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Brookmans Park in the 1950s

By Mary Morgan

Photograph of the house Mary Morgan lived in on Bluebridge Road, Brookmans Park. Image from the Brookmans Park Newsletter
Mary Morgan's house on Bluebridge Road, Brookmans Park
Image from the Brookmans Park Newsletter

My parents moved to Brookmans Park in 1949 (having lived for a year or so before that in Hawkshead Lane), and I lived in Bluebridge Road, in the house immediately behind the lamppost in the photograph above - the first of the pair of ones made to look old.

I too went to the school, and remember the ones you mention, plus Mr Thomas and Mr and Mrs Clifford. I also remember Doris the fish Stan Hart the butcher (they had to two shops that are now Alldays), Archie the sweetshop, his wife had the hairdressers next door, Tony Coombe the chemist, Perce at the station, Les Beechey the policeman, Dr Dwyer.

Before the school started having bonfires nights, Stan Hart used to arrange one round the back of his shop on the spare plot of land which is where Brian the mower's shop is now. Mrs Canham still ran Moffats Farm and Moffats Lane was a cart track.

The village green was full of rhododendron bushes, and the neat little wall was not there. The United Reform Church was then a Congregational Church and housed in more or less a nissan hut/prefab. Went to Sunday school and Brownie's there.

In the history section, Peter Kingsford tales about Brookmans Park in the 50s is exactly how it was. One if his son's John was in my class at school.

(Editor's Note: There is a chapter in Peter Kingsford's book, 'A Modern History of Brookmans Park 1700-1950', entitled 'People's War and People's Peace 1939- 1950', which covers events leading up to this period.)

We used to play in the woods where Chancellors now stands and Gobions as well, plus the woods between Brookmans Park and Water End.

Like a lot of people we bought a little black and white TV to watch the Coronation. Shortly after that the Queen came to Potters Bar (and I think the Vet College -but that may be a false memory) and I have a photo of her car in Darkes Lane.

I remember very nearly breaking my nose playing in the foundations of what is now Station Close, and I too remember Merrylegs in the field in the village. I use to ride the ponies that were kept in the fields behind our house and belonged to friends of my parents.

I remember going to a horse show/fete in the grounds of Hatfield House in 1957 that was opened jointly by the Queen Mother and Norman Wisdom. There was a terrific thunderstorm.

School camp at Cuffley in 1959, I seem to remember getting into to trouble at that - I think it was something to do with being in the boy's tent!! Still I left BP school that year.

I could go on for hours, but won't bore the rest of you. Happy Days.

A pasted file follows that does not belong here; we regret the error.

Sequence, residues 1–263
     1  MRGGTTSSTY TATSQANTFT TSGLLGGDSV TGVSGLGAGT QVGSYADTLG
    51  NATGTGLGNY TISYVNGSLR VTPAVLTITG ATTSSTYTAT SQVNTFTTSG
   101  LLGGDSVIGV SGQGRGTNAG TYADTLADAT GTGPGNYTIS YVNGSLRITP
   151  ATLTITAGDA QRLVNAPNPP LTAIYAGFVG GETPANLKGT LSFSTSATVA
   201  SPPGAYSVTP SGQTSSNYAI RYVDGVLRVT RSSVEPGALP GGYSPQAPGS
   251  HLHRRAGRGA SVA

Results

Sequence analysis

By Mary Morgan 


  1. Thanks Mary, I loved reading your account.
    Having just discovered this wonderful website, I so enjoyed reading the childhood memories of Mary Morgan and Trevor Alcock. Thank you both and the others who have enriched me with their wonderful tales.

    We moved to Georges Wood Road in 1954. Bill the milkman was my hero, I would ride my bicycle around the front garden eagerly awaiting his arrival in his Tesla milk float.

  2. Thanks Mary for stimulating the brain cells. Very enjoyable, as is the whole website. I read Tracey Thorn's 'Another Planet' and thought it was a bit harsh on the area!
    To add to your memories Mary instead of Cuffley Camp there was Barton Broad Camp. I think if you could swim x yards in the newish school pool that was an option. MrThomas took a group and at the same time his brother led a group from his primary School in East Barnet, it could have been Brunswick Park. Miss Thomas (no relation) was our teacher in the final year. I sat in the coach to Norfolk on a plank of wood spanning the aisle as all the seats were full. I'm sure we had some shenanigans too!
    For the Coronation we went down our road, Bradmore Way, to Pam Stone's, before the school, to watch it.
    As for shops the newer ones on Bradmore Way included Hughes Electrical (David was in our class) and opposite a DIY shop, Mrs Burns in the toy shop and UK Tea Company a grocers to rival Rawlings and a butcher to rival Stan's who had a chicken rotisserie. My mum was very loyal to Stan Hart and also Mr Lewsley in the veg shop at the start of Bluebridge Ave (not Regent Fruit Stores) Mr. Saxby's ran the post office but that changed in the 60s to another owner. Archie Copeland (sweet shop) took me to see Barnet FC for many home matches at Underhill, and the secretary for Arsenal lived on Brookman's Avenue.
    Could go on for hours, as you say.

  3. Didn't mean to be anonymous with the above. George Wormald


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